October 5th, 2010
10:05 AM ET
Most of us have thought, 'If only I could win the lottery, then I'd be happy forever.' But according to one of the first studies to look at long-term happiness, major life events, like a sudden cash windfall, are not what make us happy, rather, it's the priorities we set in life.
"The main thing that's surprising about these results is that it challenges this whole field," said lead author Melbourne University sociologist Bruce Headey. "This study goes against the prevailing wisdom that happiness is fixed." The study was published Monday in the Proceedings of the National Academy of Sciences.
Previous studies suggest that happiness is predetermined by genetics and early upbringing, and that we eventually revert back to the same level of happiness regardless of changes in our lives. Looking at data from about 60,000 Germans for up to 25 years, however, Headey found that the more people decided to prioritize goals such as good relationships and good health, the happier they were, regardless of major life events.
How do you change so-called life goals? According to Heady, one way may involve concentrating on helping others, or making family, rather than material possessions, a priority. People who prioritized having a good marriage, a good relationship with their children, and being involved in social and political activities reported higher levels of life satisfaction over time. On the other hand, researchers found those who focused primarily on being able to buy what they wanted or being successful in their careers reported less happiness.
"It looks like the less involved people were in their relationships, the less happy they got," Heady said.
Picking an emotionally compatible spouse may be another key factor to happiness. Headey found that people with emotionally unstable spouses reported being unhappy, while those with emotionally stable spouses were happier. Women with partners who placed a lower priority on family goals also were less satisfied with life, even when compared with single women.
Heady also found that people who were physically healthy were more satisfied with life; underweight men and obese women were significantly less happy.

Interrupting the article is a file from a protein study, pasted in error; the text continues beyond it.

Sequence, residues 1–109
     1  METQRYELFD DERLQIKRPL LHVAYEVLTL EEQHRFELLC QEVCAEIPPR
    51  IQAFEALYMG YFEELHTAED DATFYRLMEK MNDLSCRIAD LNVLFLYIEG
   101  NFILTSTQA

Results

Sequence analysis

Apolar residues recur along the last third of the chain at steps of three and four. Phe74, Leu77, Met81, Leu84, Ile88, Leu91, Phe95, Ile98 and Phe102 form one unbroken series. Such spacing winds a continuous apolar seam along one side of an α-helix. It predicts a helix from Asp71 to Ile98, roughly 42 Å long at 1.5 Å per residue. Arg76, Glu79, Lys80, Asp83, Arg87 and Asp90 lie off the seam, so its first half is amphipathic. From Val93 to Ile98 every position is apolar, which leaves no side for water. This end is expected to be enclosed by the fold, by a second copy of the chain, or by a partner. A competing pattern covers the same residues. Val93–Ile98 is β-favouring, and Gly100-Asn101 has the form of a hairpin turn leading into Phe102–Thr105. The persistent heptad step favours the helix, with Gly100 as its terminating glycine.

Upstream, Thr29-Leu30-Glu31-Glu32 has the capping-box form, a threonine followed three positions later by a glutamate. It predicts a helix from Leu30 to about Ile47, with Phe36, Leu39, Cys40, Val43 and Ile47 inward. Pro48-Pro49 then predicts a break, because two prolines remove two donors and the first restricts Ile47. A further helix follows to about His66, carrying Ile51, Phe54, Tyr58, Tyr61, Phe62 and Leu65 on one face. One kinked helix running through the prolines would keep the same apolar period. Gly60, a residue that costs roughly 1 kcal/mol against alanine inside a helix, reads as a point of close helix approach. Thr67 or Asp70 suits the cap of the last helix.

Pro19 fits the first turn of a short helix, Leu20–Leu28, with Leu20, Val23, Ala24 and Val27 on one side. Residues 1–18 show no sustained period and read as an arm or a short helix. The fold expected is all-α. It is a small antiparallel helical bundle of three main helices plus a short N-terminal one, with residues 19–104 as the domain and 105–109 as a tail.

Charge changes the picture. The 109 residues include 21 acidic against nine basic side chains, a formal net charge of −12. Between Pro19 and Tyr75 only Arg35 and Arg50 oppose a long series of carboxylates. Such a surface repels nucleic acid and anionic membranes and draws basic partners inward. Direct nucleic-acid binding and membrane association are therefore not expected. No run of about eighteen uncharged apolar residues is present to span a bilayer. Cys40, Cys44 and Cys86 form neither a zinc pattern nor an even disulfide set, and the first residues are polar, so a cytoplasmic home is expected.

Researchers analyzed data from the German Socio-Economic Panel. The survey is the longest of its kind, tracking the life satisfaction of 60,000 Germans, some as far back as 1984. Only participants aged 25 to 64 that had been followed annually for at least a decade were included in the analysis.
While the study is the most extensive of its kind, because it relies on survey data, it cannot come to any concrete conclusions. It could simply be that naturally happier people make these life choices, or increases in Germany's overall standard of living brought about these changes, said psychologist Robert Biswas-Diener, who was not involved in the study. Also, the survey only asked participants about their overall satisfaction with life once a year and did not look at overall day-to-day emotional happiness.
"While on its own it's not convincing enough, when you couple this with a growing body of evidence, it seems like set-point theory is not adequate to explain human happiness," said Biswas-Diener. "It looks like with effort you can move your happiness level up or down depending on your choices."
Headey concedes much more work must be completed. Nevertheless, he recommends people stop to think about their priorities.
"I think people should definitely reconsider whether their life goals are actually making them happier," said Heady.
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